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Finding perspective on Swine Flu

After months of planning, I have now completed my H1N1 (Swine
Flu) Management Strategy.  Here it
is: “If I get it, I will probably feel sick for a few days until it is over.”
The End.  I just hope it works.

I know these may be my “famous last words’, but my alarm
level over H1N1 is just about nil. The flu is out there, I may get it and I may

not, but if I do, I do and I’ll take it from there.

Among some world industries there appears to be a need to
stoke panic over this impending flu season. In past years I remember watching
the nightly news and the fact the flu season was approaching was essentially
treated as “well it’s that time of year again…” You know, one of the seasonal
things like snow, gardening, camping, baseball, hockey, football, back to
school, diet time and federal elections and the like.

But the nightly news reports and daily headlines on the H1N1
flu appear to epitomize ‘the sky is falling” thinking.  A few months ago, yes the world didn’t
know what it was dealing with. But now researchers and scientists appear to be
saying the H1N1 isn’t that spectacular.

In fact, just last night, during a national news update on
the flu and another death somewhere, which is indeed unfortunate, one of the

world health observers said “the N1H1 flu doesn’t appear to be any worse than
other seasonal types of flu”….

But somehow that statement gets lost in the overall report.
And of course if we can use the word pandemic to describe it, it doesn’t just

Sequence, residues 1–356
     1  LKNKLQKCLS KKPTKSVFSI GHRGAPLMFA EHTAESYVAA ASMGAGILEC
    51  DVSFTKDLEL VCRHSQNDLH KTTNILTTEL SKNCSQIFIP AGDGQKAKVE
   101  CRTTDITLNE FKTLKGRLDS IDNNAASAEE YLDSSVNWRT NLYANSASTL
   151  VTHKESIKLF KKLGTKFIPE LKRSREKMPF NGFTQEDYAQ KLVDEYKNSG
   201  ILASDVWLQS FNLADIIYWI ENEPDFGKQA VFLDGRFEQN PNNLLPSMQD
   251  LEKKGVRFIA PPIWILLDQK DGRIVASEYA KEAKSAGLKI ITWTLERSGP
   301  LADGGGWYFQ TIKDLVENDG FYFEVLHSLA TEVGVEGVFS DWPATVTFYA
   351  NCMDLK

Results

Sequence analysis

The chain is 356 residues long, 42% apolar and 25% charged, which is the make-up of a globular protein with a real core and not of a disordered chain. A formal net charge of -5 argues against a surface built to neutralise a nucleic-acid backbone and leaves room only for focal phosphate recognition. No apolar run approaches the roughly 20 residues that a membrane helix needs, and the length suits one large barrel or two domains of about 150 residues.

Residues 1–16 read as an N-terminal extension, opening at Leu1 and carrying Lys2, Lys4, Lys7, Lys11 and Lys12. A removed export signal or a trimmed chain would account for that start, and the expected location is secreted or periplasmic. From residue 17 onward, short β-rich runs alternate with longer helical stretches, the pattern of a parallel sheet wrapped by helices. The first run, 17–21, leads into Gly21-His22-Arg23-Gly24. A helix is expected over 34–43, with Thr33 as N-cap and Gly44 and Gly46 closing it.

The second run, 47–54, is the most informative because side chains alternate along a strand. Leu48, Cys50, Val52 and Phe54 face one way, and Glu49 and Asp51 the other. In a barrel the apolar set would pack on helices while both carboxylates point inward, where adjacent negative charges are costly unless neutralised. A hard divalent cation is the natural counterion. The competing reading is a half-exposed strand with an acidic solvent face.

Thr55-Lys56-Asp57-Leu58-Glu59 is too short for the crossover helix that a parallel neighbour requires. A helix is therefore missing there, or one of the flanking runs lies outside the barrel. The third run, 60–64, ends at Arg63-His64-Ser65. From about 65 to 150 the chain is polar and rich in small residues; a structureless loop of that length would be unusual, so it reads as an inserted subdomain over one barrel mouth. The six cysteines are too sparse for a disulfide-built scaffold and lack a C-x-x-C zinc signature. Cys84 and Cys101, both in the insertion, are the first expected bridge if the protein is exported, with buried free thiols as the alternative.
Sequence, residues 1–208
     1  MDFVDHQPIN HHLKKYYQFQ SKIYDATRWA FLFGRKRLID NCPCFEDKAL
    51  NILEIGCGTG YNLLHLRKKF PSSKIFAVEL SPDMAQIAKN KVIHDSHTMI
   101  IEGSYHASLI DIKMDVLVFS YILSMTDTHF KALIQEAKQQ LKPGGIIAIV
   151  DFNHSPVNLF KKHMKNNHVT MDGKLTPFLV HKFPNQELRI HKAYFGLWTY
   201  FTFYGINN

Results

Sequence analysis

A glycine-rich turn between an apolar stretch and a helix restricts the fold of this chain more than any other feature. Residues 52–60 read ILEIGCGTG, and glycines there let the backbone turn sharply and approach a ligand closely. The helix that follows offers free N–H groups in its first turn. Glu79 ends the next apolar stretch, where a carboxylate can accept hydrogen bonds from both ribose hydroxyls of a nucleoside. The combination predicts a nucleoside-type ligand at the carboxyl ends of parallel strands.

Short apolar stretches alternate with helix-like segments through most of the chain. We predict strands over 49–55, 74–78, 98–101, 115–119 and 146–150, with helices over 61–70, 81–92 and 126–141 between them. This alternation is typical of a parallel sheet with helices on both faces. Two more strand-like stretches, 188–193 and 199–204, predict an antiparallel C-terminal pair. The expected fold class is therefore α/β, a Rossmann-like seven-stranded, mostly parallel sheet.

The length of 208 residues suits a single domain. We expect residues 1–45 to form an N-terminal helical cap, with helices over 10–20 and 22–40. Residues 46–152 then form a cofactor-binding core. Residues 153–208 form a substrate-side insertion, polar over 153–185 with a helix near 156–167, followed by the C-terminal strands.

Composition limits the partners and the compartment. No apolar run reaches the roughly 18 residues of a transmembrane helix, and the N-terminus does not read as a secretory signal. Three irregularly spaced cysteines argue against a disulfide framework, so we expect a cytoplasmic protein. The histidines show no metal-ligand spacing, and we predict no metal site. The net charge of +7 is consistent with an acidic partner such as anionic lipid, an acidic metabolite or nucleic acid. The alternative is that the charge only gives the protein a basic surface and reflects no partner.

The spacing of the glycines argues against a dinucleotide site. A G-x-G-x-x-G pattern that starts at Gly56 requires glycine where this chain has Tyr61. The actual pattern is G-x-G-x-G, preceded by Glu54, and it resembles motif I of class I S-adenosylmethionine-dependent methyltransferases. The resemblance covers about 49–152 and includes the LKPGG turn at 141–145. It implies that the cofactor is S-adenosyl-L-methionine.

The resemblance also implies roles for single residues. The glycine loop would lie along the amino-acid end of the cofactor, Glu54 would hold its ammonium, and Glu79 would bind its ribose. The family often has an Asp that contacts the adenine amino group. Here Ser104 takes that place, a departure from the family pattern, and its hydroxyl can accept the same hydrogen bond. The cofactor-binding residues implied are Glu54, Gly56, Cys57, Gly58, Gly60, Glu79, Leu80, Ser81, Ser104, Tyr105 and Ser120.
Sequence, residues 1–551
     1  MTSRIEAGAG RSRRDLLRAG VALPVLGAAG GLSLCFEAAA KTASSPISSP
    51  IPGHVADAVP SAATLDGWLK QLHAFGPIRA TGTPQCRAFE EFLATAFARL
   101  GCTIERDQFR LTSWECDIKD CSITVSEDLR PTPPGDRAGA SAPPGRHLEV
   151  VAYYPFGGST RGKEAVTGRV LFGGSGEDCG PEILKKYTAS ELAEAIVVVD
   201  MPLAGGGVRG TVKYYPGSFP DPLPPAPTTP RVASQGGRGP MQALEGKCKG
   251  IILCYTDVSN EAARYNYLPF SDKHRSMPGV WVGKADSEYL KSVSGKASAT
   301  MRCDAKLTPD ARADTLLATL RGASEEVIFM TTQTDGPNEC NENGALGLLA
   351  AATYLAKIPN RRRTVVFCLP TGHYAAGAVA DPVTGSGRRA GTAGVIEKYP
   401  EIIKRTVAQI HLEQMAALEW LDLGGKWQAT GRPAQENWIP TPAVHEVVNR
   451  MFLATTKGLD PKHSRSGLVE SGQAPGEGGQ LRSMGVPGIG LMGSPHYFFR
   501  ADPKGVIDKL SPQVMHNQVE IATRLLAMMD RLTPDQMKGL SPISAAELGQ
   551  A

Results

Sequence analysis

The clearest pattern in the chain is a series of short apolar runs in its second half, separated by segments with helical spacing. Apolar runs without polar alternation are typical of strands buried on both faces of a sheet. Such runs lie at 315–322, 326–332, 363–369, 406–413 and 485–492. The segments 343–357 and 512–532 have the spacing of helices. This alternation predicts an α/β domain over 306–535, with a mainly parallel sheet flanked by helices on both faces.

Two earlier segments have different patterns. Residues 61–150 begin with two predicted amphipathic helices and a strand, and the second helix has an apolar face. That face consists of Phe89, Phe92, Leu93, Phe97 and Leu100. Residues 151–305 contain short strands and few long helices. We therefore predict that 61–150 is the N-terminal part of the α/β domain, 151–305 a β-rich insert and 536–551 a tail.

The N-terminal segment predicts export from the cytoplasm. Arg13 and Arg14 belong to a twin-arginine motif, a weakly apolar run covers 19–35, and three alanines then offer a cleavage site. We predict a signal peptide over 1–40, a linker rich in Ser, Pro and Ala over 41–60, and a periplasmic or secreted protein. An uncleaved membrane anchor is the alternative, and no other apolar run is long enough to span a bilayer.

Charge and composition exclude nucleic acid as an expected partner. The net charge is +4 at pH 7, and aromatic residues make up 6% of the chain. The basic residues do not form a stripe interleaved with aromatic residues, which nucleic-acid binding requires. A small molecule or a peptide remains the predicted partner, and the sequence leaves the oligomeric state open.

mean the flu is spreading over a wider area of the world (which is all it
means) it is also construed as being 200 times worse than any other flu ever

The Centre for Disease Control estimates the regular
seasonal flu kills about 36,000 Americans every year and between 250,000 and
500,000 people world wide annually. Those are significant numbers to us all and
certainly to those people and families affected.

But, people die from a lot of things. Here are some figures
from the World Health Organization. 
About eight million people die worldwide annually  from high blood pressure, another five
million die from smoking-related illnesses, another four million from high
cholesterol, and nearly three million from obesity.

In the U.S. 435,000 die from smoking related diseases, about
365,000 from being overweight, 43,000 die annually in car accidents and more
than 30,000 from gun-related events. Drugs and alcohol kill more than 20,000
people a year.

The point of all this is that the N1H1 flu has to be kept in
perspective. There are a lot of people dropping like flies around us (the world
community) every year/every day and it largely goes unnoticed.  I don’t think the Swine Flu is any more
serious than many diseases, and a lot less of a societal issue than many
others. More than anything it is a hot topic to report on during a slow news


About the author

Field Editor

Lee Hart

Lee Hart is editor of Cattleman’s Corner based in Calgary.



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